This is from our “Beatitudes of Bethlehem” Advent series. This message speaks to the paradoxical truth that the saddest people on earth are those who haven’t learned how to mourn.
While the “Most Likely To Succeed” badge may come with a superstitious curse attached, the “Class Mooch” has a very real cultural curse attached to it. In America we celebrate self-made successful people, and look down on the moochers who are dependent on others. What do we make of Jesus’s 3rd Beatitude that seems to promise the farm to the underachieving brother?
Ebenezer Scrooge had a hard time grasping and embracing the spirit and message of Christmas. The rich and self-sufficient always do. Their own personal kingdoms loom so large that they have a hard time making room for God’s Kingdom—and all the poor and lowly riff-raff to whom it belongs.
Thirty years have passed since I sat on the garage roof staring up at the night sky. The worries and cares of a middle schooler have been upgraded to the burdens of a father, husband and pastor living in this current moment of darkness and fear. Perhaps, this Advent, you also feel like we’re sitting collectively on a cold and icy roof, staring up at the Heavens and badly need to hear these words this Advent: “The people sitting in a pandemic have seen a great light, and to those sitting in the land and shadow of covid, a light has dawned on them” (Matt 4:16).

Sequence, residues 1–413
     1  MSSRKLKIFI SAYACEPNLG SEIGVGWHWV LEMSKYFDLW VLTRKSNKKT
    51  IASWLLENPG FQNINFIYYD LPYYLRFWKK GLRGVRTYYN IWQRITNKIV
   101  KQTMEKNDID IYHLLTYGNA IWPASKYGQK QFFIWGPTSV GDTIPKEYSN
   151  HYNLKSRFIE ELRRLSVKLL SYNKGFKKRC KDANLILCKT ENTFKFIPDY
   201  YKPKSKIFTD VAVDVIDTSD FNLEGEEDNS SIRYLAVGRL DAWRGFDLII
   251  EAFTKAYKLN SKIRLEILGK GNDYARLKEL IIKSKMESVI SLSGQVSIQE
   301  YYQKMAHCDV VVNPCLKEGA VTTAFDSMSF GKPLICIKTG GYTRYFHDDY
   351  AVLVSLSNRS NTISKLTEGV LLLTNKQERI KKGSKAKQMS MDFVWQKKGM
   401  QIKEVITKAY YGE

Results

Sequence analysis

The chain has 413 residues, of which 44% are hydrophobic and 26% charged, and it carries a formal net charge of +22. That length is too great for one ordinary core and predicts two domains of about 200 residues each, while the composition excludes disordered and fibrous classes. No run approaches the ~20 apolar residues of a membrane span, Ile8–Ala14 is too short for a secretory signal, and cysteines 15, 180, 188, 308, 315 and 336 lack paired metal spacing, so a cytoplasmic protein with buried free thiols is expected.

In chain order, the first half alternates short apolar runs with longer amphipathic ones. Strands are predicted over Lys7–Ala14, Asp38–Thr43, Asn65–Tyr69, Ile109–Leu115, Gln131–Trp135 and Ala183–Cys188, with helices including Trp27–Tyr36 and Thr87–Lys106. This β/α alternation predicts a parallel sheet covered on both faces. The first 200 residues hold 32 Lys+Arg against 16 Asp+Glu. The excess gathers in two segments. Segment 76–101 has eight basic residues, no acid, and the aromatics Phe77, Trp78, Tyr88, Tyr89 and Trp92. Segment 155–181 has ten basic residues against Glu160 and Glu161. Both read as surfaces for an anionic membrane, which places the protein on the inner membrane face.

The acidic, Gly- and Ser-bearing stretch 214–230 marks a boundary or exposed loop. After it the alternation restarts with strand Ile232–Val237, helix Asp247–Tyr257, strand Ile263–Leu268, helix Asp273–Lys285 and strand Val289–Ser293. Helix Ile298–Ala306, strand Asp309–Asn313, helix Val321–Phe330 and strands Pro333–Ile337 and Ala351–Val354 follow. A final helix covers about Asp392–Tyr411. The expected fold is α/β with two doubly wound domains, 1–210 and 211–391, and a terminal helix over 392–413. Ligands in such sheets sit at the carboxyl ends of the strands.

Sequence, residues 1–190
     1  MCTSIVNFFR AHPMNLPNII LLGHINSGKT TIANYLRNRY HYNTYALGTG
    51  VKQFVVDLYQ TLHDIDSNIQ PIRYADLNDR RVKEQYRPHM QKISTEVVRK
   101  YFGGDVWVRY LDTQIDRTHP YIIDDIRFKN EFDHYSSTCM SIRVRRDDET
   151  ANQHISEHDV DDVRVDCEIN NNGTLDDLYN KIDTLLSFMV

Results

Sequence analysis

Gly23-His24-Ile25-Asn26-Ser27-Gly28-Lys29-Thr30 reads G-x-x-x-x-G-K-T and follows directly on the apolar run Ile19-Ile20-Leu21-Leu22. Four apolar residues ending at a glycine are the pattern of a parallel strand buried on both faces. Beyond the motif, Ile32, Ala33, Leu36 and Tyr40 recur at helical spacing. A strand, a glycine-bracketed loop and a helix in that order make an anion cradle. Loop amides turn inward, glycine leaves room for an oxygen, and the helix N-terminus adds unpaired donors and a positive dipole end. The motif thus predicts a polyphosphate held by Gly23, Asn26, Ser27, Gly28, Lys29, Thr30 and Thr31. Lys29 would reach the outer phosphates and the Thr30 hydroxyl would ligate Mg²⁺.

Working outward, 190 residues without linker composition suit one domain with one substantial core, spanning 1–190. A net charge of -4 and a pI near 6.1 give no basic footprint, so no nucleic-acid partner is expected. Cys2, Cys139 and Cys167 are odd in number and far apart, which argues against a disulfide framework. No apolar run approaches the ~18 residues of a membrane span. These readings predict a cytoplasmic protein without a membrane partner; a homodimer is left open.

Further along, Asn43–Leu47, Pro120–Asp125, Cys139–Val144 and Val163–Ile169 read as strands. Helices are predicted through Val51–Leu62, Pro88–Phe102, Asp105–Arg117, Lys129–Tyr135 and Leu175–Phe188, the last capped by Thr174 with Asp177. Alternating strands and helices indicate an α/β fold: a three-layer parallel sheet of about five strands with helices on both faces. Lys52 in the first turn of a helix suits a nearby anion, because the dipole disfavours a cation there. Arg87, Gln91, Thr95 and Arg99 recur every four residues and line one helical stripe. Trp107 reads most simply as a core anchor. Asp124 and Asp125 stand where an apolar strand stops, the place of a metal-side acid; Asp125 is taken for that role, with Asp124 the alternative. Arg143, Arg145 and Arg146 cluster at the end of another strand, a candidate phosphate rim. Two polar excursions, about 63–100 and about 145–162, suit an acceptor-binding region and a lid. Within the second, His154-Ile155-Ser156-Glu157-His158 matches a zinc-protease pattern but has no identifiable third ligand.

The Bethlehem Revolution is for all who find themselves at the end of their rope; for those who have hit the wall; for all who have climbed to the top of the ladder only to be pushed off, and can’t find the strength to start climbing again.
Here’s the hauntingly beautiful ancient hymn we featured at our Christmas Eve service. Listen below after reading the words. O SAVIOR OF OUR FALLEN RACE Ancient Christmas Hymn, circa 6th Century O Savior of our fallen race, O Brightness of the Father’s face, O Son who shared the […]
This was passed along to me – a very powerful image to ponder in this season of waiting, expecting, longing and hoping for the Christ who steps into the Darkness of our fractured world. -JB From Ben Sternke: The painting below was created by Sister Grace Remington of Our Sister […]
Perhaps we’ve let the graceless moralism of too many Santa songs taint our view of the One who truly comes to town on Christmas. For the miracle of the incarnation is for the naughty and nice. He’s already made His list and He’s checked it twice, and all are on it until we choose to reject His gift and thereby remove our own name from it.
We’re celebrating that annual family tradition where I lie on the couch and watch cheesy Hallmark Christmas movies while Keri addresses and stamps Christmas cards to get in the mail. I’m embarrassed to admit how many of the Christmas letters people send never make it into my hands. […]
We all have some explaining to do, and maybe some repenting. Here’s the deal. Imagine grandpa’s turning 100 years old, and you’ve spent countless days planning the most magnificent birthday celebration. Invitations have gone out to hundreds of guests. A towering cake and a great feast from renowned […]
The Prince of Peace himself wants to hold classes in every church across the globe this New Year “that He may teach us concerning His ways, and that we may walk in His paths” (Isaiah 2:3). What are the key topics of his seminar? The psalmist gives us the curriculum. Jesus wants to teach his people that in Him “unfailing love and truth have met together” (v. 10a).